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College Admissions: Tips for Fantastic College Visits

Wednesday, February 11, 2015

 

If you took my prior advice and visited some colleges close to home to understand your preferences, you may be ready for a college road trip. Spring is a great time to visit colleges. When you go, you want to get the most possible benefit out of your experience. Seeing a college yourself is the best way to get a feel for the campus and determine whether it is a perfect fit for you. When possible, visit while school is in session so you can sit in on classes, meet students and professors, attend a sporting event or performance, eat the dorm food, and perhaps arrange an overnight stay in the dorms with a student host. 

 The logistics of college visits can be a shared responsibility. Parents, feel free to make the travel plans including transit, lodging, and calculating the driving distance between schools. Students, your job is to interface with the colleges and admissions officers. Use the school’s admissions website to book a tour and information session. If you want to sit in on a class, look up the admissions rep who covers your geographic area and email him or her saying what day you will be there, the type of class you want to observe, and whether you are available to do so in the morning or afternoon. Sometimes the rep will arrange it for you, and sometimes you will be given contact info for the professor to make the arrangements directly.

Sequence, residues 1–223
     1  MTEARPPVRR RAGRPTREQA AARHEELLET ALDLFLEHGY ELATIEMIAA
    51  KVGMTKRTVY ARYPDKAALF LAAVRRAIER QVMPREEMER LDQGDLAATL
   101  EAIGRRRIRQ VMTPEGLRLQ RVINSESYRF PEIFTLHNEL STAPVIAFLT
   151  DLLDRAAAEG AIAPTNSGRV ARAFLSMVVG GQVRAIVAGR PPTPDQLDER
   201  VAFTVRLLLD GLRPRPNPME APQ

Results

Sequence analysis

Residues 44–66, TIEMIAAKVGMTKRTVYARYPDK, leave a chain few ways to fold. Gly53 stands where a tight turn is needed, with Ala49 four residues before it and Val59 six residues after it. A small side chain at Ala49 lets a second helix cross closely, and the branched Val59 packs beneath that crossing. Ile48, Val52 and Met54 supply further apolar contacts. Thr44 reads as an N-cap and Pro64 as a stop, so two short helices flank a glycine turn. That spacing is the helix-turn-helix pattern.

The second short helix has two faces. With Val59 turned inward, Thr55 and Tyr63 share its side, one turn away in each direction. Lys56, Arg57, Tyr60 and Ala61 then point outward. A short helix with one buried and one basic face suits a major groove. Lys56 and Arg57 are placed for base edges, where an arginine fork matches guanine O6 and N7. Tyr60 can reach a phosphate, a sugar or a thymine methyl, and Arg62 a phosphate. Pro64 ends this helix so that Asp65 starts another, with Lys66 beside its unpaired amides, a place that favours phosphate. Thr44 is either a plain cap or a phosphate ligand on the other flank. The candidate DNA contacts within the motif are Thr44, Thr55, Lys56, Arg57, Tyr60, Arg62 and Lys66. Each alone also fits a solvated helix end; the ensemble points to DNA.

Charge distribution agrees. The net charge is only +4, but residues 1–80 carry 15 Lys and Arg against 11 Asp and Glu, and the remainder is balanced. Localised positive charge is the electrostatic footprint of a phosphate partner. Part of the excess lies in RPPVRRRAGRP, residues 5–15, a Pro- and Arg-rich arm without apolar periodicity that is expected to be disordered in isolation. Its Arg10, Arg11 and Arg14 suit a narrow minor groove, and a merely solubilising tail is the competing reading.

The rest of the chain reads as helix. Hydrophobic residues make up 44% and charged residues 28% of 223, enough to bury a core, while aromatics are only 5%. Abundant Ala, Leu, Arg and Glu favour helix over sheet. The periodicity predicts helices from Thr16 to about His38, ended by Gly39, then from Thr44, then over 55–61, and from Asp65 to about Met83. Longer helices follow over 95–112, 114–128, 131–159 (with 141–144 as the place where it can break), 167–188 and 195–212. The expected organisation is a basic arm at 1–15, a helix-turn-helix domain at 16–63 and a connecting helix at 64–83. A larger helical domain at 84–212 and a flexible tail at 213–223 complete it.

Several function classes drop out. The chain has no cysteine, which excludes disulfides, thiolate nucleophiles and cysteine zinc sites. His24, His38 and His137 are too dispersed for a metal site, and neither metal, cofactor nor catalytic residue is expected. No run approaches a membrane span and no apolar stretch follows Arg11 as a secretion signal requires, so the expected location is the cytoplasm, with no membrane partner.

One of the best ways to figure out whether you consider a school a good fit for your personality is to eat lunch in the cafeteria with current students. No, you do not need to know someone there—just grab a lunch tray, walk up to a crowded table and say, “Hi. I’m a prospective student and wondered if I could join you.” (This does not work if your parents insist on eating with you.) Then ask the students what they do and don’t like about their school and why they picked it. You will get great unscripted information that may differ from what you hear on the tour.

Here’s a plea—take good notes! If you see a lot of schools, they may start to run together and what seems memorable as it happens may in fact become jumbled in your mind. Be sure to write down the date of your visit, the name of your tour guide, the name of any admissions rep you met, and the name of the professor if you sat in on a class. All of that information will be essential in the future when you need to write your “Why I want to go to this college” essay. It’s also a great idea to bring a box of thank-you notes and some stamps, and to send your thanks each night to the folks you met during your visit.

Jodi Walder-Biesanz is the founder of Portland, Oregon-based College Admission Coach LLC, which helps students identify and gain admission to right-fit schools where they will thrive academically and personally. Contact her at [email protected].

 

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